John Edwards, a former U.S. senator and Democratic vice presidential candidate, spoke yesterday at a union rally of hotel workers in Waikiki. The contracts of about 6,500 Hawaii workers at nine hotels are set to expire at the end of the month. Hotel employees, who are paid an average of $14 an hour, say they deserve to share in the wealth brought on by Hawaii's booming tourism industry.
Edwards' hotel-union push hits Waikiki
The former candidate for vice president says strong wages are key to preserving Hawaii's heritage
Former vice-presidential candidate and U.S. Sen. John Edwards joined Honolulu's hotel workers yesterday to push for better benefits in the middle of the first round of union negotiations.
Contracts for approximately 6,500 Local 5 hotel workers employed in 10 of Waikiki's largest hotels expire this month. Unite Here, which represents about 11,000 service workers in Hawaii, encompasses about 90,000 full-service hotel workers in the United States and Canada.
Union talks between Local 5 and Hawaii's hotel companies began earlier this month. Local 5 is already negotiating with Sheraton and Hilton, and has yet to meet with Marriott and Hyatt.
"We hope we can get some contracts in place by the end of the month," said Cade Watanabe, a spokesman for Local 5. "June 30 is fast approaching and we're not encouraged by the slow pace."
While Hawaii is second among the top 25 hospitality markets in the United States and ranks among the top tourist destinations in the world, service wages don't reflect the prosperity of the industry, Watanabe said.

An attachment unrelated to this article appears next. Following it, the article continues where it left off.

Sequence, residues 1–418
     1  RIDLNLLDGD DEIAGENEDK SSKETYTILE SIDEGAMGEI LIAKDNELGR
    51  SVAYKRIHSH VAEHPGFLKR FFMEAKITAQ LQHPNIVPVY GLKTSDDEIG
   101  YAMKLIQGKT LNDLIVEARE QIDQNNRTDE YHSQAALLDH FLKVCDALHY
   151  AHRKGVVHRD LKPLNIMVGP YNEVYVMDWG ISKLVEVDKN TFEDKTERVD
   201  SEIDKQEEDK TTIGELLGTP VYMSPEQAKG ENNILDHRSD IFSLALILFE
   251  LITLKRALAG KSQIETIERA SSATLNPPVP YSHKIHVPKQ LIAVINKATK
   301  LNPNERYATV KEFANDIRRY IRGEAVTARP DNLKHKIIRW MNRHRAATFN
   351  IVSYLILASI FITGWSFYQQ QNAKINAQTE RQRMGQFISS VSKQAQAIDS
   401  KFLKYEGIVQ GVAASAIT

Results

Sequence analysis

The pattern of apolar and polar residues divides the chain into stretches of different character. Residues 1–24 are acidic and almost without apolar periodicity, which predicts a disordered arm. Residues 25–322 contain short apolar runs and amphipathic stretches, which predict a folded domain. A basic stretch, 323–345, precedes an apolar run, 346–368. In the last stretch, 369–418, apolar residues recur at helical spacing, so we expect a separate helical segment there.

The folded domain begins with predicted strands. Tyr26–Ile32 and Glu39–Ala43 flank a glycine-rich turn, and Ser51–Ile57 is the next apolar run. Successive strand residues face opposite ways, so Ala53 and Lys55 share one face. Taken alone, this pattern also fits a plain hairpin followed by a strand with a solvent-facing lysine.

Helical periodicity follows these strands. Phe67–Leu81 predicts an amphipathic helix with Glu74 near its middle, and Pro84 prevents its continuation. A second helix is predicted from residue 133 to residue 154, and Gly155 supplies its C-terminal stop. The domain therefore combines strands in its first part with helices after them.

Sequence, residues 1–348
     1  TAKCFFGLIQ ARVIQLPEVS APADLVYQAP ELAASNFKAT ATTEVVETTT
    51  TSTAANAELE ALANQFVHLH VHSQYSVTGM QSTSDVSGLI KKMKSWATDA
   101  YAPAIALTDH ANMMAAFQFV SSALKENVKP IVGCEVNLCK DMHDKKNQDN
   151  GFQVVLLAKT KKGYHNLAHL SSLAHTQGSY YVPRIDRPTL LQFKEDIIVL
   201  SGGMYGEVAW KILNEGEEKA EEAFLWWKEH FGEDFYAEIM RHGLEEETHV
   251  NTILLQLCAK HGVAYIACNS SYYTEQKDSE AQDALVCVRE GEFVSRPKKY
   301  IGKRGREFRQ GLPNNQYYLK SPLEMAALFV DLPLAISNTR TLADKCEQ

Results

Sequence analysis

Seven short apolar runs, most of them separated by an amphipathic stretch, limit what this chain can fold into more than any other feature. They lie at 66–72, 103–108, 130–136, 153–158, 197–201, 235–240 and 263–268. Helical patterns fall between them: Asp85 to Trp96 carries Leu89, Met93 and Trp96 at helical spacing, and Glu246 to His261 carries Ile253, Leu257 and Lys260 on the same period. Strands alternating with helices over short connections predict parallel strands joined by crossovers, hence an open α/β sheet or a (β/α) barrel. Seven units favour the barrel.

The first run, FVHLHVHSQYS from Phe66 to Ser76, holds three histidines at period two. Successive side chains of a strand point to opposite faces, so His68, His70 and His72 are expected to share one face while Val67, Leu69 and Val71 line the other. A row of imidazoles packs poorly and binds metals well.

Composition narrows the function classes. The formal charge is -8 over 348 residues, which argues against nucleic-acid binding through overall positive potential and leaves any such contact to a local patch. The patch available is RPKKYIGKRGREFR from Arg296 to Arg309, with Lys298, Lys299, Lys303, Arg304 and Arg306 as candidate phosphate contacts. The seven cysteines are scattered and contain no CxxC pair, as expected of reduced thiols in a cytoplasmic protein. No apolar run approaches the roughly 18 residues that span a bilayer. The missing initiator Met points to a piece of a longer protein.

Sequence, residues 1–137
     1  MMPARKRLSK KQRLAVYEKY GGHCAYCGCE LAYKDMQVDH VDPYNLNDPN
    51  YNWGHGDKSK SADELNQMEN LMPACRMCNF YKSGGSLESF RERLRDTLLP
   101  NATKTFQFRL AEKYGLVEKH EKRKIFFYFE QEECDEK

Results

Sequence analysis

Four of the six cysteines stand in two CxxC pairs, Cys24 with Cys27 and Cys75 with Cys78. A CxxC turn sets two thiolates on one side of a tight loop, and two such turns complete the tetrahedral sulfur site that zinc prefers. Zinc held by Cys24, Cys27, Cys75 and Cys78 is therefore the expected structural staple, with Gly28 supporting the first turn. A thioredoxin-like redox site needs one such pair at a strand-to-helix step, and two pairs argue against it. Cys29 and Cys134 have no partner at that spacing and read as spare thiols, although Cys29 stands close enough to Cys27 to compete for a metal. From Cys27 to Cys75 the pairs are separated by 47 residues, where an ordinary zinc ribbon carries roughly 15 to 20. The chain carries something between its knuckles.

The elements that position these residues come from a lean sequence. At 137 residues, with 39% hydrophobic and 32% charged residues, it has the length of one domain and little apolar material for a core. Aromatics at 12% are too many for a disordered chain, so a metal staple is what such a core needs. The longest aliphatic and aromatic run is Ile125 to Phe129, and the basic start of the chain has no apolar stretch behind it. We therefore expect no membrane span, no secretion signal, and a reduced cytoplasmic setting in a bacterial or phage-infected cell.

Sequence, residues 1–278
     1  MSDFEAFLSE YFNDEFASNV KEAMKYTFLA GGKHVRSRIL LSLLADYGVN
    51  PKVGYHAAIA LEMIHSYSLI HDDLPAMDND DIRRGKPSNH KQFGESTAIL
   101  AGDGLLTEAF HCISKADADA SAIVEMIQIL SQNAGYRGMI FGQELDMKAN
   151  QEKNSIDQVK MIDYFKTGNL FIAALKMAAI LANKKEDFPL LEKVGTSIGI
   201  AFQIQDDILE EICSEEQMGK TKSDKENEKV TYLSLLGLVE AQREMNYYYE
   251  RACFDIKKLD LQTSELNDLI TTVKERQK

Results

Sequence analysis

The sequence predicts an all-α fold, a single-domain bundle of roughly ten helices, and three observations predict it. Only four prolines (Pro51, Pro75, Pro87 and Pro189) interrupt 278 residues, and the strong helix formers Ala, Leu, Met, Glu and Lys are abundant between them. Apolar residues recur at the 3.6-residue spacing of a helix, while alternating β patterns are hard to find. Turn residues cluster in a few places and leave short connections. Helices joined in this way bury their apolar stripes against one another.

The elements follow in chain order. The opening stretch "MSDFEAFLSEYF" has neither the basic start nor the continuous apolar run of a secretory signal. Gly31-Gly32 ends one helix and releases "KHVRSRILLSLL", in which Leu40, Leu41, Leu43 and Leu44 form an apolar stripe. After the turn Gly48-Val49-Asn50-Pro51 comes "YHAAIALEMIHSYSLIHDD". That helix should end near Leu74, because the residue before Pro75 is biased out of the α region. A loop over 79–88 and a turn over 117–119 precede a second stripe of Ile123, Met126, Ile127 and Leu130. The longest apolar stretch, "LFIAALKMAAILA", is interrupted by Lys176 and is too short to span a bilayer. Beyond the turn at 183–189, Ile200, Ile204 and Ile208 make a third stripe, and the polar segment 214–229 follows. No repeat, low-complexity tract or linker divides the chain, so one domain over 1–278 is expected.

The average Local 5 housekeeper in Hawaii, who lives in one of the most expensive cities in the country, earns an average of $14 per hour -- a full $6 less than that of the union housekeepers in New York, where the cost of living is comparable, according to Local 5 economic data.
Gerhard Seibert, managing director for Hilton Hawaii, said his company offers "the second-highest average hotel wages in the nation" and vowed to "work hard to reach a mutually beneficial agreement" in the talks.
Representatives for Starwood and Marriott could not be reached for comment by press time.
Edwards, who was John Kerry's running mate in the 2004 presidential election and is himself considering running for president in 2008, has already visited San Francisco, Los Angeles, Chicago and Boston as part of the Unite Here Hotel Workers Rising campaign that kicked off earlier this year.
Whether or not Hawaii's hotels provide strong wages and benefits for workers will have a direct impact on the state's ability "to preserve its heritage and traditions," Edwards said. "If we have good wages and benefits for the state's dominant industry then people will stay here."
Edwards' comments went to the heart of the issues in union negotiations for many of Hawaii's hotel workers, said Ian Tsugawa, a guest services agent at Marriott and shop steward for Local 5.
Hotel wages are still not high enough to compensate for Hawaii's cost of living, said Tsugawa, who is working a second job to fund his dream of building his own home on Hawaiian homestead lands.
Other union concerns include protection from subcontracting, job security for military personnel who are called to action and how to cope with an ever-increasing workload, said Stella Galon, a housekeeper who has worked for the Royal Hawaiian Hotel for almost 18 years.
Galon praised Edwards for his support, saying, "At least some politicians care enough to travel to Hawaii to support us in our fight to improve our wages, benefits, health care and to protect our jobs."